Bong Go used to be the reluctant nominee for vice president of the PDP–Laban’s Duterte wing. He dropped that tag amid the confusion in the party and the potential clash at the polls with Duterte’s own daughter Sara who had decided to be the VP candidate of Marcos.
But now Go has been assigned to run as PDDS presidential bet. When he fails in this token candidacy, he could simply go back to the Senate with his boss the President, and join in singing “Hail, hail, the gang’s all here.…” It has all been pretense.
Many others in the chamber who had been pretending to be independent (of Malacañang), may then be emboldened by the luminescent presence of their lord in their midst to openly profess their faith.
What would then happen to Sen. Dick Gordon, chair of the Blue Ribbon committee that had irritated Duterte no end with exposes of multibillion-peso deals of Palace cronies who allegedly had taken advantage of the rush procurement of equipment for fighting the pandemic?
Theoretically, we the people are supposed to set and secure the boundaries of good governance and the good conduct of government officials. Unfortunately, we have a flawed democracy and we do not seem to agree on how to fix it.
The 2022 elections are supposed to give us another chance at reforming both the system and the people managing it. Let’s see.
• US aid for Pampanga hospitals
PAMPANGA Gov. Dennis Pineda met on Monday with Consul General Elmer G. Cato in New York and the Asia-Eurasia regional director of Americares, a non-profit organization that provides medicines and medical supplies to various countries around the world.
Pineda updated Cato, who happens to be a Capampangan, on the COVID-19 situation in Pampanga and the measures the provincial government has been taking to look after the cabalens. He also discussed his initiatives in peace and order, trade and investment, education, arts and culture, and sports.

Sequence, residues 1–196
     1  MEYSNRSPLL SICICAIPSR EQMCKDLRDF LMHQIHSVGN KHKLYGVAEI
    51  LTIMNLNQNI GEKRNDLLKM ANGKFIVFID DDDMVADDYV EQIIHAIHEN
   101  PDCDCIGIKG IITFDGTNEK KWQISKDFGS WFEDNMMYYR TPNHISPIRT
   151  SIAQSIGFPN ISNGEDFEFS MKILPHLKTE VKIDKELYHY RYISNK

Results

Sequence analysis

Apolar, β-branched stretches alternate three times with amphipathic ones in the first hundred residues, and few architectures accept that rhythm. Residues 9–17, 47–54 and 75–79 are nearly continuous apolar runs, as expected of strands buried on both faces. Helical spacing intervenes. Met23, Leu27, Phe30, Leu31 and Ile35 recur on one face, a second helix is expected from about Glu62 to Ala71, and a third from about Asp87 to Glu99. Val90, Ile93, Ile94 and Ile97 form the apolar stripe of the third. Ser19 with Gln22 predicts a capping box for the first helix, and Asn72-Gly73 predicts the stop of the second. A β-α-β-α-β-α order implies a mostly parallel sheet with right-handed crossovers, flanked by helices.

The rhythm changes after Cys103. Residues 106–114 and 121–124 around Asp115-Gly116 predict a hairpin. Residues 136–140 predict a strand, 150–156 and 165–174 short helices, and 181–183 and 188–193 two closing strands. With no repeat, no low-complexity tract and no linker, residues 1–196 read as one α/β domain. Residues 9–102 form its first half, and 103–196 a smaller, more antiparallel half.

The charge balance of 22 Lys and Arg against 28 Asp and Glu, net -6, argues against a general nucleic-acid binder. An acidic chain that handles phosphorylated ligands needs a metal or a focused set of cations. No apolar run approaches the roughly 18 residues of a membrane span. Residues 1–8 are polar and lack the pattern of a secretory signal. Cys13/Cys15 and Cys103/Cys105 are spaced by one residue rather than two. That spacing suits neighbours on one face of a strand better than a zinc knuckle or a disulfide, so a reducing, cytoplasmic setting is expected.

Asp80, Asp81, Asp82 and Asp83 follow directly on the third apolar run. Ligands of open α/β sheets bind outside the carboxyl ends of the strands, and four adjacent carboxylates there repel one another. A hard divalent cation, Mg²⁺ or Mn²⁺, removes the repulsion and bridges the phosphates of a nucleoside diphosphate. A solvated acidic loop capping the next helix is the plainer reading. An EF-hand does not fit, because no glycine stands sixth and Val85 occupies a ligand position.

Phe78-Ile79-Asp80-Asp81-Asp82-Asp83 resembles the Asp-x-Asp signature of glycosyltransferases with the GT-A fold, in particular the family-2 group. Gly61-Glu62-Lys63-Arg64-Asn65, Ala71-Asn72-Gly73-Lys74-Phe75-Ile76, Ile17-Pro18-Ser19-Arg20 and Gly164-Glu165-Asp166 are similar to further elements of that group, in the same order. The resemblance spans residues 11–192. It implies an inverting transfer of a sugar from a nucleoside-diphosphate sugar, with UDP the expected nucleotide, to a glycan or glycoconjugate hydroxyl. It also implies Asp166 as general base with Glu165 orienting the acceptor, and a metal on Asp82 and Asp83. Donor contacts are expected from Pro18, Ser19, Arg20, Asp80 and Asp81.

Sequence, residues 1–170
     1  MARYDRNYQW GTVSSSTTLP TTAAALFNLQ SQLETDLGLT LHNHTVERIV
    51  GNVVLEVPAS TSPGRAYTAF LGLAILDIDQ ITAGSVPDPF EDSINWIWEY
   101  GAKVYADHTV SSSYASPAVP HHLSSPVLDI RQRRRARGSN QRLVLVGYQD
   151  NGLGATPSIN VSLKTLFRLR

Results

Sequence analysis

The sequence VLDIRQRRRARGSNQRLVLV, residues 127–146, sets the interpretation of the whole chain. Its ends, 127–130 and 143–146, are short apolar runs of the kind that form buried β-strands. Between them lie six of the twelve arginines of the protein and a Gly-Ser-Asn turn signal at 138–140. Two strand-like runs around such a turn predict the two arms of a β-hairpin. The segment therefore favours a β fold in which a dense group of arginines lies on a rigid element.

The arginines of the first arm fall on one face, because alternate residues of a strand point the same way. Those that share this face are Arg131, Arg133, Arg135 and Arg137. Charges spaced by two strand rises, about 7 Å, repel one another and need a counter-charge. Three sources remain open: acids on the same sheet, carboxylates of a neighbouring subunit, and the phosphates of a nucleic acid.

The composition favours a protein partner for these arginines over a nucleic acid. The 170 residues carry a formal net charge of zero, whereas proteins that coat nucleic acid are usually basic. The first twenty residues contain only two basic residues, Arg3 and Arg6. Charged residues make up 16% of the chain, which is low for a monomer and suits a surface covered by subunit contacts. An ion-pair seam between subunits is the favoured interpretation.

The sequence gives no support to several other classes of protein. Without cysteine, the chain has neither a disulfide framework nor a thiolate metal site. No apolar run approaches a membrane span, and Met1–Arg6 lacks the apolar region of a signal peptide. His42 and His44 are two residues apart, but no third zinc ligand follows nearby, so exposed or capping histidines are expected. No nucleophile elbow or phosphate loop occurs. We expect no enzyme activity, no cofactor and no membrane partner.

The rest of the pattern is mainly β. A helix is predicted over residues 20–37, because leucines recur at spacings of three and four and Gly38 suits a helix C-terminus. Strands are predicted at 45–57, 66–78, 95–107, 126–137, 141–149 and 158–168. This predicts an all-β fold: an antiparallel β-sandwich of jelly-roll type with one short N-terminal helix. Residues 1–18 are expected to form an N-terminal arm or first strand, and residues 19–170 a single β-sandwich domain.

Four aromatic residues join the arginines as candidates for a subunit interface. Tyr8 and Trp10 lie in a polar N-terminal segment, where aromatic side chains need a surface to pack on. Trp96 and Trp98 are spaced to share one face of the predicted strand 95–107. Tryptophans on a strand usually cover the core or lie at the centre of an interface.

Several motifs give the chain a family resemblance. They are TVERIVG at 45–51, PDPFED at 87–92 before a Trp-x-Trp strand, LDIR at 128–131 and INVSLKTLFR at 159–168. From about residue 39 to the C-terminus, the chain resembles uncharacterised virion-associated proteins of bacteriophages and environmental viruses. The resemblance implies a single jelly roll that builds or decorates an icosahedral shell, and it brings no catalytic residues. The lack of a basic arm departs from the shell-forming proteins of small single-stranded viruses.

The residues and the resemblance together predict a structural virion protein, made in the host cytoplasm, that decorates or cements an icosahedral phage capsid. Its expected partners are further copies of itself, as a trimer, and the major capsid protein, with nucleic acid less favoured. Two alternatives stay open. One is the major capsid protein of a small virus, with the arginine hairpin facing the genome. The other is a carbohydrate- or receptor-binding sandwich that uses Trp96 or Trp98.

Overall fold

In turn, Cato briefed the governor on how the consulate has been promoting trade and investment in the Philippines, including the Clark Freeport in Pampanga and surrounding areas, as well as improving the delivery of consular services.
The governor said he was pleased to learn of the consulate’s coordination with US officials in protecting the interests of the Filipino Community in the 10 states under its jurisdiction. Recently, several Filipinos have been victims of Hate-Asian violence.
Supporting Cato’s promotion of Filipino culture in the US, Pineda gave the consulate two giant Pampanga lanterns for display at the Philippine Center on Fifth Avenue in New York during the Yule season. The parol display at the Center, right in the heart of Manhattan, is expected to mesmerize the more than 200,000 pedestrians who pass by it every day.
Pineda also met with Joan Littlefield, director for Asia and Eurasia Programs of Americares, a non-profit organization based on the East Coast. The meeting, arranged by the consul-general, is expected to result in donations of medicines and medical supplies for the provincial medical center, district hospitals, and other local health units in Pampanga.